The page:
Having maintained our AAA bond rating last year, our county government continues to cut our budget as property values continue to fall. We will have to cut 16 million dollars from the county budget for 2013. The article below from the Macomb Daily references the recent quarterly submitted to the Board of Commissioner from the finance department. People can look at the Macomb County’s financial information on line at www.macombcountymi.gov. As the Finance Chairman for the Board of Commissioners continue to look for new and innovative ways to shrink the size of county government, without raising taxes.
Friday, January 27, 2012
By Chad Selweski
Macomb Daily Staff Writer
Macomb County government remains frugal heading into 2012 and may have established a head start in ridding the budget of a projected $16 million deficit next year.
Though no definitive projections can be made, the latest fourth quarter fiscal reports from 2011 show a flattened trajectory that may indicate good news as the new year progresses.
“You will see the fruits of our labor once more numbers come in,” said Pete Provenzano, county finance director.
The quarterly report, which is now required by the county charter, shows that many departments have kept their salaries and fringe benefits below projections. With hiring freezes and attempts to reduce expenses through employment attrition, rather than layoffs, several departments kept their 2011 payroll costs 10 percent or more below projections.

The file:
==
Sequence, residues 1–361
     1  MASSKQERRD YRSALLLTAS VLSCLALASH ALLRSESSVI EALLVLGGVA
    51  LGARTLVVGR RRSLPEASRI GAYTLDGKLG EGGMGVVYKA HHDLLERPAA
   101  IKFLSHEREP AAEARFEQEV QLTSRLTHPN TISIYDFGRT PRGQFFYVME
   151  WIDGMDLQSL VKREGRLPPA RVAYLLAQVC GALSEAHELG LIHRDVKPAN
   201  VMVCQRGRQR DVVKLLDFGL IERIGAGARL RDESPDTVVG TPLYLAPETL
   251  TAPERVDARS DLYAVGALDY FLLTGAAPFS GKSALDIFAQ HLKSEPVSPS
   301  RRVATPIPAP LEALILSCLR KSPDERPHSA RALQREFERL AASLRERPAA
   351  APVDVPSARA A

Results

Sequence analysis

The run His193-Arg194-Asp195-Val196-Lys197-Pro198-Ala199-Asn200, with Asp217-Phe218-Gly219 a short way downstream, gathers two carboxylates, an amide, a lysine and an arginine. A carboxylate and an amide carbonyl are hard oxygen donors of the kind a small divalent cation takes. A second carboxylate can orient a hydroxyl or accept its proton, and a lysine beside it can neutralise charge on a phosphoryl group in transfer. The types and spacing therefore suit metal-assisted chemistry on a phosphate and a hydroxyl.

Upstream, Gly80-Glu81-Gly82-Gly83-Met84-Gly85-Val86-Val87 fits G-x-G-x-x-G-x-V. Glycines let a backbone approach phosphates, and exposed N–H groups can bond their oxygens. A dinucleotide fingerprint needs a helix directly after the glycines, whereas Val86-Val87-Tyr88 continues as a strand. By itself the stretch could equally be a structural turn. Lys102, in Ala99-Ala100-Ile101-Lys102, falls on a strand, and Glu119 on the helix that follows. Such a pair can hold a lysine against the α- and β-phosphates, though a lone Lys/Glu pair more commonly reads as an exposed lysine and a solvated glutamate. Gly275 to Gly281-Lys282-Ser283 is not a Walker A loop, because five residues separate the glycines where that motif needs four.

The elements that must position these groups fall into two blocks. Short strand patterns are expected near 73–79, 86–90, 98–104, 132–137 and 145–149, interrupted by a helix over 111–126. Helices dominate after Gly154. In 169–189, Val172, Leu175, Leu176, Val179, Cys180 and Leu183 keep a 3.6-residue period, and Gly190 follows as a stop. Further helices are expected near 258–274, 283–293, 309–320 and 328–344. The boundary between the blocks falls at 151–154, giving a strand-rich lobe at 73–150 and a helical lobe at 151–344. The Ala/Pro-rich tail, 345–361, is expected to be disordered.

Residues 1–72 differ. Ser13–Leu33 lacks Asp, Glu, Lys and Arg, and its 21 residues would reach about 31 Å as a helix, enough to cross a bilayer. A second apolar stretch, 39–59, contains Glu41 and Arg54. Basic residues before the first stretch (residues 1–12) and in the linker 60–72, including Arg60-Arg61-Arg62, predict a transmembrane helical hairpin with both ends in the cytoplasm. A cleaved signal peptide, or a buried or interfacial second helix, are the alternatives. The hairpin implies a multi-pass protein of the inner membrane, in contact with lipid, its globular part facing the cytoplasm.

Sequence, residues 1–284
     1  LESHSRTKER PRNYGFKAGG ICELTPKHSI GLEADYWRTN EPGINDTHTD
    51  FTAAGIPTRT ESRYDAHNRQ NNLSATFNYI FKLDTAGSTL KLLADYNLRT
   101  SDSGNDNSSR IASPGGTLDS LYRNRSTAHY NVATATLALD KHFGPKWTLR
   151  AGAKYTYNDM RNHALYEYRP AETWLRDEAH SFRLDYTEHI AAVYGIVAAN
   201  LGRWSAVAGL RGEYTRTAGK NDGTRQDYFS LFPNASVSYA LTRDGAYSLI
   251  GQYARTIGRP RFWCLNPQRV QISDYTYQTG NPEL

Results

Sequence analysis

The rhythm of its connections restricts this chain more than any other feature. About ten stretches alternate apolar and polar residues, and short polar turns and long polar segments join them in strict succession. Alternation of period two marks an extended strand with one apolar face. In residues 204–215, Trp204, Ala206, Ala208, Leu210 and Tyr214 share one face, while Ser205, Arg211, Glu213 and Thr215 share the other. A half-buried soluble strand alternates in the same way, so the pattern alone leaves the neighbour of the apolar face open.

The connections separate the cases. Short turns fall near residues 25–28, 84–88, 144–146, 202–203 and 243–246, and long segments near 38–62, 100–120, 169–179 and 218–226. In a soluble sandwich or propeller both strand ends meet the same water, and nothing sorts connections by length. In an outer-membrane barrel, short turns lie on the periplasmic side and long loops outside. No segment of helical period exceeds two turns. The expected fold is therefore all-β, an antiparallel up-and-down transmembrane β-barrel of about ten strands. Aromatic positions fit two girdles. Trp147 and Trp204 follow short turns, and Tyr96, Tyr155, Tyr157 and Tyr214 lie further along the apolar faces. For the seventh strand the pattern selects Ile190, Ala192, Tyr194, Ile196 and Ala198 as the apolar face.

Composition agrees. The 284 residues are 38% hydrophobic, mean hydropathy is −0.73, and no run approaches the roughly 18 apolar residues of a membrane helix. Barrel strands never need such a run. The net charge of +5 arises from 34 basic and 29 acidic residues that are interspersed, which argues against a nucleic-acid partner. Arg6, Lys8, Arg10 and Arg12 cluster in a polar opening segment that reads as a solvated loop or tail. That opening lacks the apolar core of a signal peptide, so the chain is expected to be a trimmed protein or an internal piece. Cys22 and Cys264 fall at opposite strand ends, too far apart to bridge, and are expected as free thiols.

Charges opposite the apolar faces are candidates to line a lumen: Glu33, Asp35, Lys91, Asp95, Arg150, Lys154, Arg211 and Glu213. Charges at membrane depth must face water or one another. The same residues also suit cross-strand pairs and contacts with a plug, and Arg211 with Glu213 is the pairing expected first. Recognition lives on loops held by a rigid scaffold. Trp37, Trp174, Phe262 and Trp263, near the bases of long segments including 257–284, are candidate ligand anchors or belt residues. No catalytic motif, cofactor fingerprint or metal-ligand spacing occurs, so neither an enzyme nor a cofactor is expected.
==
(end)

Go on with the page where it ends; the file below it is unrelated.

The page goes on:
Those departments include: Probation, Probate Court, Family Court, Finance, Property Equalization, Purchasing, Facilities and Operations, and the Health Department.
Controlling wages and benefits is key to bringing the budget under control because they represent about 70 percent of the county’s expenses.
In 2012, more savings will be realized as the county has secured cost-saving contracts with 23 of the 26 unionized employee units, and a 24th has reached a tentative agreement.
Those concessionary contracts, following in the footsteps of the one-year 2011 pacts, require hiring freezes, pay freezes, higher out-of-pocket health care costs for some employees, a halt to “longevity” payments, and unpaid “furlough days.”
For 2012 the budget is balanced, thanks to $23 million in cuts. The general fund stands at $193 million, a decrease of $6 million, or 3 percent less spending.
The entire budget, including the Department of Roads and all programs financed by state and federal dollars, stands at $614 million.
A huge projected deficit for 2013 looms, largely due to another year of falling property tax revenues caused by the collapsed housing market.
At the same time, Provenzano cautioned that overall expense reports from the departments showing a substantial improvement in cost-cutting for the 2011 fourth quarter are misleading. Many of those figures represent an incomplete final tally for the past year.
Because of the lag time experienced with regard to bills coming in and accrued expenses being recorded, keeping close tabs on spending patterns can be a challenge, Provenzano said.
“A lot of this,” he added, “is more art than science.”
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